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Re-Defining Revolution: A Case Study of Women and Graffiti in Egypt

Resource type
Thesis type
(Thesis) M.A.
Date created
Like any social phenomenon, revolutions are gendered. The male tilt of revolutionary processes and their histories has produced a definition of revolution that consistently fails women. This thesis aims to redefine revolution to incorporate women’s visions of societal transformation and the full achievement of their rights and freedoms. I argue that approaches to women’s revolutionary experiences are enriched by focusing on the roles of culture, consciousness, and unconventional revolutionary texts. Egypt is examined as a case study with a focus on the nation’s long history of women’s activism that took on new forms in the wave of socio-political upheaval since 2011. Using interdisciplinary, visual analysis, I examine graffiti created by women, or that depict women between 2011 and 2015 to reveal how gender was publicly re-imagined during a period of flux for Egyptian society. The historical and visual analysis contribute to a new definition of revolution, one that strives to achieve the total transformation of society by disrupting gendered consciousness to finally secure rights and freedoms for all.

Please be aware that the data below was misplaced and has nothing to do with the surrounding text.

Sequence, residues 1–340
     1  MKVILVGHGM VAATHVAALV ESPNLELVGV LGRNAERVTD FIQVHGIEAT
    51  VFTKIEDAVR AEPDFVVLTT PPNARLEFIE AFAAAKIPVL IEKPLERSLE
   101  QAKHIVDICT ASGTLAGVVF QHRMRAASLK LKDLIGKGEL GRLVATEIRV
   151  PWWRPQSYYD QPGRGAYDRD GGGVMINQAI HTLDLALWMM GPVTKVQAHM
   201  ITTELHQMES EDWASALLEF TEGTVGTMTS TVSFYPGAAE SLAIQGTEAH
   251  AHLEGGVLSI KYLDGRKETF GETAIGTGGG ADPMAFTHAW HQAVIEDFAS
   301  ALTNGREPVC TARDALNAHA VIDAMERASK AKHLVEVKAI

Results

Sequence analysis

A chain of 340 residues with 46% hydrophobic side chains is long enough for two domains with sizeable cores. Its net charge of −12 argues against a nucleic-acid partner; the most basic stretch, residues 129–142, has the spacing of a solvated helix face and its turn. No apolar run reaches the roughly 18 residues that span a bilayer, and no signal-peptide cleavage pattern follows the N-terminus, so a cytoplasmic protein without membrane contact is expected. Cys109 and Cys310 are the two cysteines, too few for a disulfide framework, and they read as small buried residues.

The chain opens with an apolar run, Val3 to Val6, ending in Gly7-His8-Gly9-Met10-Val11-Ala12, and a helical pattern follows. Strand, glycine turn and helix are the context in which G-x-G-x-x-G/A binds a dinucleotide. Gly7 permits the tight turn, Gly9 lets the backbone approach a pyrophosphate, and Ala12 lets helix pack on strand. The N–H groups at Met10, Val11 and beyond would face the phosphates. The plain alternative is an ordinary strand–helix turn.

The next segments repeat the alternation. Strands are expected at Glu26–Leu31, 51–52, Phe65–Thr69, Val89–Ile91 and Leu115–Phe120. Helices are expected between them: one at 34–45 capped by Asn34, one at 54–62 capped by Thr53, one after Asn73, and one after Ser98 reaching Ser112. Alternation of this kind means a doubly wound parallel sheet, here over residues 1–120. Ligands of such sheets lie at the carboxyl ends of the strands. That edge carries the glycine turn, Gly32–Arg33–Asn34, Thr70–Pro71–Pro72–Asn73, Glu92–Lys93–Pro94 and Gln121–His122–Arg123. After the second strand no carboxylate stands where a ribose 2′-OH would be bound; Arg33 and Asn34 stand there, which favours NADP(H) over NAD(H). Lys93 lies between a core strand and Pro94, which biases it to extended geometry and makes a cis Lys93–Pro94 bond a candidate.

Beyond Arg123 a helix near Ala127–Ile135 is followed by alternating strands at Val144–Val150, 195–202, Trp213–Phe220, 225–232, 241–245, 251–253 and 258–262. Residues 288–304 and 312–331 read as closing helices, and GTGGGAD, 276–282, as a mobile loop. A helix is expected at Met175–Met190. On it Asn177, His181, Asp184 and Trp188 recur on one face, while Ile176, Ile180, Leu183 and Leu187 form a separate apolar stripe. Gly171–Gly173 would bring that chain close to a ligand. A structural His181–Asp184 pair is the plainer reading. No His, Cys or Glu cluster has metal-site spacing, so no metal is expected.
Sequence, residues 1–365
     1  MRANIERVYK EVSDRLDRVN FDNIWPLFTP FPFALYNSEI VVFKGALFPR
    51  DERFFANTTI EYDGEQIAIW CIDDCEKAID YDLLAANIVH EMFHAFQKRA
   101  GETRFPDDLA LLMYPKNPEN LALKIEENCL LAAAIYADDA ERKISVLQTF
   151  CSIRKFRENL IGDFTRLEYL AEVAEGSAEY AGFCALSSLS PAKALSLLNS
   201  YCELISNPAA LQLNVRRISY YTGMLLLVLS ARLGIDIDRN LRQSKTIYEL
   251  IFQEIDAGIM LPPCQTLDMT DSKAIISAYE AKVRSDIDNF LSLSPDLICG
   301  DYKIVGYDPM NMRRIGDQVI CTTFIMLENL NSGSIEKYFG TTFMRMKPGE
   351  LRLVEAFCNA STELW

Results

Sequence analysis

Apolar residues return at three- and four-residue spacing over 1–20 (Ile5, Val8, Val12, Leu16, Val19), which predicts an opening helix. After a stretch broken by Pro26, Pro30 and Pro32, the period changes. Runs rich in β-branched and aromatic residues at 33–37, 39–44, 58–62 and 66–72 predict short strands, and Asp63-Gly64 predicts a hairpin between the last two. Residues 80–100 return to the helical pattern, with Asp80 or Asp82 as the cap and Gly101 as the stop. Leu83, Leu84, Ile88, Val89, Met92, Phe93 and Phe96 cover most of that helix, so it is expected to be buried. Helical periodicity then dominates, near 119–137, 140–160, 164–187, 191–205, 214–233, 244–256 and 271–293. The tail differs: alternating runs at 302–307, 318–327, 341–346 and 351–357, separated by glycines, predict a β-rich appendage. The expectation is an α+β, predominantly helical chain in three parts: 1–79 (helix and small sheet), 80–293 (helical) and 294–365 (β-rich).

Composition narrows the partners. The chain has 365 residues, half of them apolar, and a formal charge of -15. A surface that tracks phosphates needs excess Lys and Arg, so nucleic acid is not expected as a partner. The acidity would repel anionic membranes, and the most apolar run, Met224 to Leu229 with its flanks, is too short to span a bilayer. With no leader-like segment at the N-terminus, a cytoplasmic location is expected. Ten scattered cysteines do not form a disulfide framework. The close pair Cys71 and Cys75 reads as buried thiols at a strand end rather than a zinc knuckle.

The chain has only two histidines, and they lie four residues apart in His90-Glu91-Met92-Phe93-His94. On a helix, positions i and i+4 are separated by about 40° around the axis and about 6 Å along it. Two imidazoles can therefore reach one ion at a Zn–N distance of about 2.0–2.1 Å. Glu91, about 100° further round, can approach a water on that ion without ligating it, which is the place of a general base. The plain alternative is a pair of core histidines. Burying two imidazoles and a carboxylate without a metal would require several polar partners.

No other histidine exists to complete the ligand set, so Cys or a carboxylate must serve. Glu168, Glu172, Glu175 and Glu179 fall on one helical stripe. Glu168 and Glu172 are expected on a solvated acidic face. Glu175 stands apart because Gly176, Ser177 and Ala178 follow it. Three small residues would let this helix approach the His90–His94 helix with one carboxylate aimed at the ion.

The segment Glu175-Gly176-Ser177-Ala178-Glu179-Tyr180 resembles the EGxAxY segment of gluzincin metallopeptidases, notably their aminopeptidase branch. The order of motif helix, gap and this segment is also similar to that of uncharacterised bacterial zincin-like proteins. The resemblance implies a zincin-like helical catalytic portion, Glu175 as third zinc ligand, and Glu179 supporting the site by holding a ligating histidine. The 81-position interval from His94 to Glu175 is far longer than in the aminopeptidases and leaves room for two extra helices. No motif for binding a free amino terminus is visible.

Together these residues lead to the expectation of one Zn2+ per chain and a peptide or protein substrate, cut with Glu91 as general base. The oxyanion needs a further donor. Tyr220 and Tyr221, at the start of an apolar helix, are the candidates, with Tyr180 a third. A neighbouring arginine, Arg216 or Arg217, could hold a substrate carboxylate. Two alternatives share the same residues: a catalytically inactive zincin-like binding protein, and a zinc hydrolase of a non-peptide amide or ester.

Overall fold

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Copyright is held by the author.
This thesis may be printed or downloaded for non-commercial research and scholarly purposes.
Scholarly level
Supervisor or Senior Supervisor
Thesis advisor: Moustafa, Tamir
Member of collection
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etd9313_SPerrin.pdf 1.89 MB

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